Conclusion(s): These results suggest that insulin may contribute to AMH elevation in PCOS and that AMH counteracts insulinpromoted aromatase expression in granulosa cells.
Shiqin Zhu, Bingqian Zhang, Xiao Jiang, Zeyan Li, Shigang Zhao, Linlin Cui, Zi-Jiang Chen
Metabolic disturbances in non-obese women with polycystic ovary syndrome: a systematic review and meta-analysis
Fertil Steril 2019;111:168–77
DownloadObjective: To explore metabolic disturbances in nonobese women with polycystic ovary syndrome (PCOS) compared with nonobese healthy controls.
Design: Systematic review and meta-analysis. Setting: Not applicable. Patient(s): Nonobese women with PCOS and nonobese healthy controls.
Main Outcome Measure(s): Prevalence of metabolic disturbances including hyperinsulinemia, insulin resistance (IR), impaired fasting glucose (IFG), impaired glucose intolerance (IGT), prediabetes, dyslipidemia, hypercholesterolemia, hypertriglyceridemia, and low high-density lipoprotein (low-HDL), as well as other metabolic outcomes such as type 2 diabetes mellitus (T2DM), hypertension, metabolic syndrome (Mets), myocardial infarction, stroke, cerebrovascular accident, arterial occlusive disease, and coronary heart disease.
Result(s): Compared to nonobese controls, nonobese women with PCOS showed a higher prevalence of hyperinsulinemia (odds ratio [OR], 36.27; 95% confidence interval [CI] 1.76–747.12), IR (OR, 5.70; 95% CI 1.46–22.32), IGT (OR, 3.42; 95% CI 1.56–7.52), T2DM (OR, 1.47; 95% CI 1.11–1.93), hypertriglyceridemia (OR, 10.46; 95% CI 1.39–78.56), low-HDL (OR, 4.03; 95% CI 1.26–12.95), and Mets (OR, 2.57; 95% CI 1.30–5.07). No significant difference was observed for IFG, pre-DM, dyslipidemia, hypercholesterolemia, and hypertension. In subgroup analysis, Whites exhibited increased risks of IR, IGT, IFG, T2DM, hypertension, and Mets, whereas no significant metabolic change was found in Asians. No study reported specifically an incidence of myocardial infarction, stroke, cerebrovascular accident, arterial occlusive disease, and coronary heart disease in nonobese women with PCOS.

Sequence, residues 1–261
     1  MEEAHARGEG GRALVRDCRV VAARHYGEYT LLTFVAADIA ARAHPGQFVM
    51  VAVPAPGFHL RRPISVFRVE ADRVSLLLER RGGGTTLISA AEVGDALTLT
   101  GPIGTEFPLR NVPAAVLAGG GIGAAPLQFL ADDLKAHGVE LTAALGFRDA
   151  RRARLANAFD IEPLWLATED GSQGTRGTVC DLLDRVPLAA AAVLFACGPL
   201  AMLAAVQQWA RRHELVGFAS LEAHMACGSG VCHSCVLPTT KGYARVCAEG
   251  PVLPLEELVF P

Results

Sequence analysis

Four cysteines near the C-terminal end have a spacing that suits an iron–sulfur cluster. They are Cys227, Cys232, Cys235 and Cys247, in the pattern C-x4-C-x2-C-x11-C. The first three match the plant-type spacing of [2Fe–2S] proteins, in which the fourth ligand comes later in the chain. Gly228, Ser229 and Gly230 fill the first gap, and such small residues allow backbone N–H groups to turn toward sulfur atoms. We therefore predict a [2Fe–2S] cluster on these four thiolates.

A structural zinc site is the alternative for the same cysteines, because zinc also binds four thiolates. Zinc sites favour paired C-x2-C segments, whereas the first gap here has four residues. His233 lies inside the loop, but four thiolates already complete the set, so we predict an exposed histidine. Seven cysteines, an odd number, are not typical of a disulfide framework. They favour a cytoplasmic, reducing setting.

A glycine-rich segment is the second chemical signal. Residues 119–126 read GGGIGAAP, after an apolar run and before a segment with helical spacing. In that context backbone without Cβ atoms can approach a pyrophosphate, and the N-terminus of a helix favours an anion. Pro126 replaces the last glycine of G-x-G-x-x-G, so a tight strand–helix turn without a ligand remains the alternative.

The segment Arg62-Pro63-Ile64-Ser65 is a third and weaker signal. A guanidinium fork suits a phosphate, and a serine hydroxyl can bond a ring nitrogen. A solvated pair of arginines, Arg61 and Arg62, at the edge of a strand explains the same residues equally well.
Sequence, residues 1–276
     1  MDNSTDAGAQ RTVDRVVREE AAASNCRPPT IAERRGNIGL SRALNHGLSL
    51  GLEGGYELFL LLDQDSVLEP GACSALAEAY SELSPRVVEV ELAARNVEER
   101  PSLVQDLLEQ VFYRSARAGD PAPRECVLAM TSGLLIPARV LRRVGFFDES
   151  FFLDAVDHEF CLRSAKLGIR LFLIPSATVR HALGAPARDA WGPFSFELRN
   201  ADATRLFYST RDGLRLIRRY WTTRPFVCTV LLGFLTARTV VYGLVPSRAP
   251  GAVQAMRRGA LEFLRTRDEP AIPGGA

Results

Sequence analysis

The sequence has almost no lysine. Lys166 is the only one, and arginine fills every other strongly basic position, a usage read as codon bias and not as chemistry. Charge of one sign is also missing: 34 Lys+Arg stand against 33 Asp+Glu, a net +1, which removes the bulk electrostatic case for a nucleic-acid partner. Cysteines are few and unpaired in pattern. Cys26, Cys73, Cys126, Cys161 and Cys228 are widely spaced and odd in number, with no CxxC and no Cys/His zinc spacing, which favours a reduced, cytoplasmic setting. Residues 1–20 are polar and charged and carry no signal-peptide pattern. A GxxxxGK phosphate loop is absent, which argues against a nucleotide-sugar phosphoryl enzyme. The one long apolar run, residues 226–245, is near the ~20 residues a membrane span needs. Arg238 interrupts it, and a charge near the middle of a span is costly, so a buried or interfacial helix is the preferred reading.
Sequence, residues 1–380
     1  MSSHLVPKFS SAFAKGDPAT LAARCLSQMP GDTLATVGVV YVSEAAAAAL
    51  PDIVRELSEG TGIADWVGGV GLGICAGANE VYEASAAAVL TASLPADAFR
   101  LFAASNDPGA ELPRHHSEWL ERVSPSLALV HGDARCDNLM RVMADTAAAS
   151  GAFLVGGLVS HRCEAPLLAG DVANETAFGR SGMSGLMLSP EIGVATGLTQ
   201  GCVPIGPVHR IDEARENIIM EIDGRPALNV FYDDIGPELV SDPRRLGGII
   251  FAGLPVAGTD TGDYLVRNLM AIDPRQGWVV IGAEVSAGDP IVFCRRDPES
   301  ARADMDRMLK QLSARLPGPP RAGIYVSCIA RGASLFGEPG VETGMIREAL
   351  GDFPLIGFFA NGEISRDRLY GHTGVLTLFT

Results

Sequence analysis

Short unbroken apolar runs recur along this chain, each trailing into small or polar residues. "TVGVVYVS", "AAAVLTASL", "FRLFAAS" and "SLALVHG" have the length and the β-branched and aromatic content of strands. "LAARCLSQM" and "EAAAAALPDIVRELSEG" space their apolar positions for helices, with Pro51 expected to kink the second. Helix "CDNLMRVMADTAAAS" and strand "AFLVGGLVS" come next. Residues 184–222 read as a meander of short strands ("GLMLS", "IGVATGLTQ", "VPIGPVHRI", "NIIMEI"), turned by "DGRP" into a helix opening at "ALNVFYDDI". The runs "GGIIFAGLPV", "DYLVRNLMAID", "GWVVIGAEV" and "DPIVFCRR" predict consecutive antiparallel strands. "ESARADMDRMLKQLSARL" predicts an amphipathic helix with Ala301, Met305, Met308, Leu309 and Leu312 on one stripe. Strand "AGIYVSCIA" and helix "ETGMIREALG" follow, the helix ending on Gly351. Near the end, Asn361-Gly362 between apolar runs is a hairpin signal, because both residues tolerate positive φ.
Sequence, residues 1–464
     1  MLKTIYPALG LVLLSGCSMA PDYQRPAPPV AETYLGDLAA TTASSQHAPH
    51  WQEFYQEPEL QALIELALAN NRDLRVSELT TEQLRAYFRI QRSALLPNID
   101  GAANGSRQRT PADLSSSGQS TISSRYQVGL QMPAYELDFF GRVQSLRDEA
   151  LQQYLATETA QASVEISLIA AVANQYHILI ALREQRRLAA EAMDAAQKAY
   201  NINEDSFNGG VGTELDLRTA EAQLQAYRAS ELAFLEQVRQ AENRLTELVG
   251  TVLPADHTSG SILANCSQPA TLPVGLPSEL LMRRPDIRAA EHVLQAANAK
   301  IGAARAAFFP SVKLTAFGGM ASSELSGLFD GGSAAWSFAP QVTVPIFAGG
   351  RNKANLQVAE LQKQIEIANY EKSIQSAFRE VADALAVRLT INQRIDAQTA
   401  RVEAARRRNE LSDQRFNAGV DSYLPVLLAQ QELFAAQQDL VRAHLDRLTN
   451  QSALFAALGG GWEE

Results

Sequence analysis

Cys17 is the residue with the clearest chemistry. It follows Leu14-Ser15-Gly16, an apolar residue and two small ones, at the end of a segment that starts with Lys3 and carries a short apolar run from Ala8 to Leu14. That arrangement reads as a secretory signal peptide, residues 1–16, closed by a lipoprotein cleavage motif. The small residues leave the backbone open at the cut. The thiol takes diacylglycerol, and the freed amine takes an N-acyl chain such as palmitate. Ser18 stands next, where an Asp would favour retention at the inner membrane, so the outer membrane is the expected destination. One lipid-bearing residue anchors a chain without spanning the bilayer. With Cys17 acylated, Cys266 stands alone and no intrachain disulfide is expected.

Conclusion(s): Nonobese women with PCOS also suffer from metabolic disturbances and the risk of long-term metabolic complications. Further efforts should be made to elucidate underlying mechanisms and possible interventions in the early phase.
Neeti Chhabra, Sonia Malik
Effect of insulin sensitizers on raised serum anti-mullerian hormone levels in infertile women with polycystic ovarian syndrome
J Hum Reprod Sci 2018 ;11:348-52
DownloadContext: Increased circulating insulin levels contribute to hyperandrogenism in polycystic ovarian syndrome (PCOS) which causes a derangement in folliculogenesis, thus contributing to polycystic morphogenesis of the ovaries and a higher than normal anti-Mullerian hormone (AMH). A high AMH is an indicator of either stubborn anovulation or a predictor of ovarian hyperstimulation syndrome. Hence, it is postulated that the use of insulin sensitizers will reduce insulin resistance, hyperandrogenism, and subsequently serum AMH levels and will convert anovulatory cycles to ovulatory.
Aim: To study the effect of insulin sensitizers on raised serum AMH levels in infertile women with PCOS.
Settings and Design: This was a prospective interventional randomized single tertiary center study.
Methodology: The study was conducted from August 2015 to April 2016. Infertile patients with PCOS as defined by the Rotterdam criteria with raised AMH (>5 ng/ml) levels were enrolled in the study under strict inclusion and exclusion criteria. The sample size was 105 patients. Cycle regularity, day 2–antral follicle count (AFC), luteinizing hormone, AMH levels, modified Ferriman–Gallwey score (mFGS), and acne score were recorded before starting the intervention. Patients were randomized into three equal groups of 35 each. Group A received metformin alone, Group B metformin plus myoinositol, and Group C only myoinositol. After completion of 3 months of pretreatment, the same parameters were rechecked.
Statistical Analysis Used: Univariate analysis and Chi-square test were used for statistical analysis.
Results: Of 105 patients, 95 completed treatment and the rest 10 dropped out. There was a reduction in AMH in all groups of insulin sensitizers with significant fall in the metformin only group. Cycle regularity, reduction in AFC, mFGS, and grade of acne were also obtained.
Conclusions: Therapy with insulin sensitizers in PCOS women with raised AMH reduces the AMH levels, converts irregular menstrual cycles to regular, and reduces clinical hyperandrogenism.